Cancer and Nutrition: Taking Patients through the Food Journey
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Cancer and Nutrition: Taking Patients through the Food Journey

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Cancer and Nutrition: Taking Patients through the Food Journey

What cancer patients put in their bodies is important before, during and after cancer treatments. Eating the right kinds of food can help cancer patients stay stronger and feel better. However, eating doesn’t come easy to many people who are battling the disease. Both the illness and the treatment can actually change the way cancer patients eat. Oncologist Vera Nigrin, M.D., UnityPoint Health, tells us about side effects and how to keep nutrition in check.

Cancer Side Effects

Cancer treatments can come with a variety of side effects like constipation, appetite changes, fatigue, mouth dryness or thick saliva, weight gain, taste and smell changes, nausea and vomiting. Which side effects cancer patients experience, often depends on the type of treatment. Dr. Nigrin says chemotherapy often gives patients the urge to vomit and decreases their appetite, whereas radiation therapy can cause a number of different nutrition-related effects depending on the area of the body being treated, the size of the area being treated and the type and total dose of radiation.

“Cancer patients often have less of an appetite both because of the treatment and the cancer,” say Dr. Nigrin. “Head and neck patients develop a dry mouth from treatment, and therefore, food often tastes bad. Patients undergoing brain or pelvic treatment often have a tendency to vomit from the treatment.”

Dr. Nigrin says it’s important to consider that patients with diarrhea or vomiting are not able to absorb the necessary nutrients and foods that they needs, as the food does not stay long enough in the body.

Before Cancer Treatment

The American Cancer Society (ACS) offers some tips that can help cancer patients feel at ease as they prepare for treatments.

  • Stock the pantry and freezer with favorite foods. Include foods that are edible, even when sick.
  • Cook in advance and freeze meals.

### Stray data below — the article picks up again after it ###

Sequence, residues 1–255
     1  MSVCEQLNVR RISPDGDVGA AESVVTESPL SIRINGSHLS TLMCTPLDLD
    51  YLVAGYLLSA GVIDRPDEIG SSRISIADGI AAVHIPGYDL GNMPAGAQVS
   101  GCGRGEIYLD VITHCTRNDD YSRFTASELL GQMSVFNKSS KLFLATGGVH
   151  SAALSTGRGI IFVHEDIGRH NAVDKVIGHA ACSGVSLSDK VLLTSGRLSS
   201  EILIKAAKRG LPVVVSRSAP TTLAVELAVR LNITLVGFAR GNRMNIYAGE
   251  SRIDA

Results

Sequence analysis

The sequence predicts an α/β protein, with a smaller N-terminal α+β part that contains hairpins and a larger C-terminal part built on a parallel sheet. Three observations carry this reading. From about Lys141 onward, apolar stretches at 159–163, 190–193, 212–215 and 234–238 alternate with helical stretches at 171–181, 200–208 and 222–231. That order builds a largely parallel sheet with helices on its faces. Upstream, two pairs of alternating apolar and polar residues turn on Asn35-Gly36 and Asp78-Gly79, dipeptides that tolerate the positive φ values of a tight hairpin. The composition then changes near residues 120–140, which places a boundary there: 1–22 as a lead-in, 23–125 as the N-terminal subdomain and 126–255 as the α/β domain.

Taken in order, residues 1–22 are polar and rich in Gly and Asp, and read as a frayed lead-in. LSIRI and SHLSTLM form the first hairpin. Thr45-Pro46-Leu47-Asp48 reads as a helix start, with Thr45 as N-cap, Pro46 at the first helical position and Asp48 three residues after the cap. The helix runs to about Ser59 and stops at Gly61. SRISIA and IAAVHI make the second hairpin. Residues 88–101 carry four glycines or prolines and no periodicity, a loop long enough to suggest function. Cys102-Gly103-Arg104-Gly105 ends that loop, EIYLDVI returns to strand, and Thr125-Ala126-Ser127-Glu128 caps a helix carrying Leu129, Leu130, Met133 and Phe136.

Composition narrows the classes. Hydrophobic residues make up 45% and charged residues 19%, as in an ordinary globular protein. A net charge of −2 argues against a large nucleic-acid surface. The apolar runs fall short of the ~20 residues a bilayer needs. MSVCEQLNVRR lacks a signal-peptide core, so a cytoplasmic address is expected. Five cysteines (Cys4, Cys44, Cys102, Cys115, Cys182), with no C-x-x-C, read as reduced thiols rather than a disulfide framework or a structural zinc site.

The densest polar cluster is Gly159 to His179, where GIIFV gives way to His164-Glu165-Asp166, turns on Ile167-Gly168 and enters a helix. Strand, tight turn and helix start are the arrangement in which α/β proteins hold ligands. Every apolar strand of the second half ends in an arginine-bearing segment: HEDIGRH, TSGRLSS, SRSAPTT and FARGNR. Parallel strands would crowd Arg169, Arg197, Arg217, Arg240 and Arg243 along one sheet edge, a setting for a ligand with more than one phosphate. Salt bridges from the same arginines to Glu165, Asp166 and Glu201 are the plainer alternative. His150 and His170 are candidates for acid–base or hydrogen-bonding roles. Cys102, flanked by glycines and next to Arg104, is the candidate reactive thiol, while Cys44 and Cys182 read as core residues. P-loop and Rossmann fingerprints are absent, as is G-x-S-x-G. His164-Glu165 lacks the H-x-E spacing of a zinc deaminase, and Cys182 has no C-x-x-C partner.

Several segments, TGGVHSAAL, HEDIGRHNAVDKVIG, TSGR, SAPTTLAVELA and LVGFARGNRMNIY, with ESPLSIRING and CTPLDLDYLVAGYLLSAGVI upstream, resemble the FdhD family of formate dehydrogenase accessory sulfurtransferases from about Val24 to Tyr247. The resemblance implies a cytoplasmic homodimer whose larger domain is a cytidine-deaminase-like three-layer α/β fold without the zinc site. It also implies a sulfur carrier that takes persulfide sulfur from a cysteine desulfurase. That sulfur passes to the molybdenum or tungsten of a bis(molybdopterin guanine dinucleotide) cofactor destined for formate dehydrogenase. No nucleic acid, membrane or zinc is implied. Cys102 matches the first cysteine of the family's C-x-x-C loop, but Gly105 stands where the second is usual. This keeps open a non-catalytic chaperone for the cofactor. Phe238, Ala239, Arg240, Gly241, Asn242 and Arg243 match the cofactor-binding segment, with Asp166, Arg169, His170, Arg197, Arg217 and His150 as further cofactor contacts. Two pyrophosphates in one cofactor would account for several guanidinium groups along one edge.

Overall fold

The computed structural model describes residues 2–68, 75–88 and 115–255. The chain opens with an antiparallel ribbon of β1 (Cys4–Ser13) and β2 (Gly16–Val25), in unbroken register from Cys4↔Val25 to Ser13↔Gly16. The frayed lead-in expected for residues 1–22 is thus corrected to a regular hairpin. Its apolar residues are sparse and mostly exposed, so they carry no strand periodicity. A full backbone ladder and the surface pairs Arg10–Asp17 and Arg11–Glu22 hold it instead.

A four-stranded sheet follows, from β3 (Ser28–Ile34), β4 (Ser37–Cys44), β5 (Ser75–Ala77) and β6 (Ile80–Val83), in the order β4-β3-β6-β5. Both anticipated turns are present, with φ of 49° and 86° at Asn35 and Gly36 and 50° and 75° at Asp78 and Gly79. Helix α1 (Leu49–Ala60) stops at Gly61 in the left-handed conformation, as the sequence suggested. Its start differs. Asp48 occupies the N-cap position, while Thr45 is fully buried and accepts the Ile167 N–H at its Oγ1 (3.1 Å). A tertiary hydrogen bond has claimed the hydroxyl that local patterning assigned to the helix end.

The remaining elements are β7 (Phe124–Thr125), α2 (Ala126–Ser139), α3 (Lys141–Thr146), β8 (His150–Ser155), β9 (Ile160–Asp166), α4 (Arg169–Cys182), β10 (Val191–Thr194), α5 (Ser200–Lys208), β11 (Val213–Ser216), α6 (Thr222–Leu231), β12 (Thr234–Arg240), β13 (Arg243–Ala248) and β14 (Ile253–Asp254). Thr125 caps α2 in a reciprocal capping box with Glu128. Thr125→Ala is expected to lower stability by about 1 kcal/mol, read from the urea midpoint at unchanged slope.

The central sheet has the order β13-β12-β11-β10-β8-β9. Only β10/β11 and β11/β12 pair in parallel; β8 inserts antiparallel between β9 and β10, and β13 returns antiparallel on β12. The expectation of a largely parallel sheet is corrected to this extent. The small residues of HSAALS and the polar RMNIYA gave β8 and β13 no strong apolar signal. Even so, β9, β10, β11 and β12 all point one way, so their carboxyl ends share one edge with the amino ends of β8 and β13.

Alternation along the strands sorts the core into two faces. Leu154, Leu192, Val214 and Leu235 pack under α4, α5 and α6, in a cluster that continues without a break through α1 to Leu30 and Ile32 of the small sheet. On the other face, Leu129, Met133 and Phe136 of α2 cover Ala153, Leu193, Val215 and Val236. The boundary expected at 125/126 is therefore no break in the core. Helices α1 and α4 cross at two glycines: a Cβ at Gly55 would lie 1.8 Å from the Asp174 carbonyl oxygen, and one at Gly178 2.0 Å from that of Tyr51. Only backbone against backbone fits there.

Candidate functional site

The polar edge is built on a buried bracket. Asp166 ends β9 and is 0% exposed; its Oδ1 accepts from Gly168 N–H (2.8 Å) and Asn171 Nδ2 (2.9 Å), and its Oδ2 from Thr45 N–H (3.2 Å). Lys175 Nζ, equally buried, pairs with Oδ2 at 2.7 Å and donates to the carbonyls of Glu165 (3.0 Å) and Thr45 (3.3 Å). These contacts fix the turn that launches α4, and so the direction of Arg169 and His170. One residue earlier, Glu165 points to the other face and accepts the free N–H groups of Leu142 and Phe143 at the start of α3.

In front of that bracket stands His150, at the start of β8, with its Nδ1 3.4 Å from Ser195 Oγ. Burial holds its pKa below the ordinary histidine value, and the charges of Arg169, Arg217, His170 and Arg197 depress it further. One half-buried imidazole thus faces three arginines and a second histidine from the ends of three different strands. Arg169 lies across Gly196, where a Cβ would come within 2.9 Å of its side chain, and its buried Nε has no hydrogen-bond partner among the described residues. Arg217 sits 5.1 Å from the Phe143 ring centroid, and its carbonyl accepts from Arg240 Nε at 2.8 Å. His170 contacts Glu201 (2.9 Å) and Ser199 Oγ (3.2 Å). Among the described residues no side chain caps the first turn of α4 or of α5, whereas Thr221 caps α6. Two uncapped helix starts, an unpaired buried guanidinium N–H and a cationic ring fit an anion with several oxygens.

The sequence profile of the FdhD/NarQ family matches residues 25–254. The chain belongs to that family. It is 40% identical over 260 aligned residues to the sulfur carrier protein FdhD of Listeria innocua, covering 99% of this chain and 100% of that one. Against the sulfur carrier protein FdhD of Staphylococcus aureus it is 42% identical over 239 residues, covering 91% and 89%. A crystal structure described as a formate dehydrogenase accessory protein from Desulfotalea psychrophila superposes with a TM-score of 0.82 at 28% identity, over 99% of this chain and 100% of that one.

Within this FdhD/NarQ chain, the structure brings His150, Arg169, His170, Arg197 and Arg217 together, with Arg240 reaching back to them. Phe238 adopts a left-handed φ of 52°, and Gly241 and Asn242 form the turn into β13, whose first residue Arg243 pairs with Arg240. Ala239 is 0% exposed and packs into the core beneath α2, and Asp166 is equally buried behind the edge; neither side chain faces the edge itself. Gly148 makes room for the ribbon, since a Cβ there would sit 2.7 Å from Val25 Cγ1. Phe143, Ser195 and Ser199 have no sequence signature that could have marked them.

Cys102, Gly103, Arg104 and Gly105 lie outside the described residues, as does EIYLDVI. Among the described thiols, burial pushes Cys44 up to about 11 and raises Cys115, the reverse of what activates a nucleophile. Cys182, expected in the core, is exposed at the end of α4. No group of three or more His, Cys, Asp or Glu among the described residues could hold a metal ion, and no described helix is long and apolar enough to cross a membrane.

• Friends and family members will ask how they can help. Make sure to take advantage of their offers by asking them to help shop and/or cook.

During Cancer Treatment

“I tell patients to limit the amount of red meat they eat and the alcohol they drink and increase the amount of fresh fruit and vegetables,” Dr. Nigrin says.

The better food cancer patients put into their bodies, the more functional it will operate to fight the disease. According to the ACS, some cancer treatments work better in people who are well-nourished and are getting enough calories and protein. Cancer patients are encouraged to keep a variety of protein-rich snacks on hand like yogurt, cereal and milk, cheese and crackers.

Dr. Nigrin says how many calories each cancer patient should eat depends upon the type of cancer he/she is being treated for and his/her weight. Cancer patients are encouraged to talk to their provider about these concerns to find out what is the right fit for them.

“For patients with little appetite, I tell them to eat small meals more often, up to five small meals a day,” Dr. Nigrin says.

Additionally, Dr. Nigrin says cancer patients are quite tired, which means they usually do not cook as much and tend not to eat a well-balanced diet. The ACS offers these suggestions for cancer patients in order to keep them eating well.

  • Try new foods. Things cancer patients didn’t like before may taste good during treatment.
  • Opt for plant-based foods, like beans and peas, instead of meat a few times each week.
  • Aim to eat at least 2 ½ cups of colorful fruits and vegetables a day.
  • Try to limit high-fat foods, especially those from animals like milk and dairy products.
  • Work to maintain a healthy weight and stay physically active.
  • Limit amounts of salt-cured, smoked and picked foods.

After Cancer Treatment

Most eating-related side effects of cancer go away after treatment ends. However, the ACS says side effects like poor appetite, dry mouth, change in taste or smell, trouble swallowing or weight changes can last for some time. If they do, cancer patients should check in with their providers to work out a solution.

UnityPoint Health has a variety of dietitians, oncologist and primary care providers that can help cancer patients through their treatments.